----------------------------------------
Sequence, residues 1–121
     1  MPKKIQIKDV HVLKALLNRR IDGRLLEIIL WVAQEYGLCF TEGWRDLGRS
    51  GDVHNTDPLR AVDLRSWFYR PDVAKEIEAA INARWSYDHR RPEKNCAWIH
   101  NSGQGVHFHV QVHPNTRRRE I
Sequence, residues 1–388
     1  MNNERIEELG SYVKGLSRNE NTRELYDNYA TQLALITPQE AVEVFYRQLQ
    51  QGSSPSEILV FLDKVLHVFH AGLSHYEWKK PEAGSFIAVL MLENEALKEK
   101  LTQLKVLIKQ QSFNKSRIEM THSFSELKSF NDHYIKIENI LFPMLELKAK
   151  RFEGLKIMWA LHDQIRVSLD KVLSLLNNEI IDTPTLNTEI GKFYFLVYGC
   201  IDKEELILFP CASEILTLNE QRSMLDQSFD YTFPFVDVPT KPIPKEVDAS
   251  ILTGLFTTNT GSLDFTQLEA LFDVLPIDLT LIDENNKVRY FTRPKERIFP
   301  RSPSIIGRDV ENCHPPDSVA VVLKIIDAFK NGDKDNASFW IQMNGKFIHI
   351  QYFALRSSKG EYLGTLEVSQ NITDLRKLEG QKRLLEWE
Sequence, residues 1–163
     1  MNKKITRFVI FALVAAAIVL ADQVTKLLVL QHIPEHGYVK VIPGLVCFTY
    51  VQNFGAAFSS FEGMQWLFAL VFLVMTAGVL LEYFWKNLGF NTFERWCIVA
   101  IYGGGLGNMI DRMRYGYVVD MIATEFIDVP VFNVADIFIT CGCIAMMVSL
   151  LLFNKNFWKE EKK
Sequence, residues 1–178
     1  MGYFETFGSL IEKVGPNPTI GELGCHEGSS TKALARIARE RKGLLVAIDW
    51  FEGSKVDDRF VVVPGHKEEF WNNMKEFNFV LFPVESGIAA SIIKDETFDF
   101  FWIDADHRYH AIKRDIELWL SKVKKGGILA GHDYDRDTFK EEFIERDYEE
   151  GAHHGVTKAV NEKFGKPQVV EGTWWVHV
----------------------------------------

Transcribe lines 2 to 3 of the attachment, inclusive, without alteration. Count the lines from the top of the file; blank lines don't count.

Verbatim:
     1  MPKKIQIKDV HVLKALLNRR IDGRLLEIIL WVAQEYGLCF TEGWRDLGRS
    51  GDVHNTDPLR AVDLRSWFYR PDVAKEIEAA INARWSYDHR RPEKNCAWIH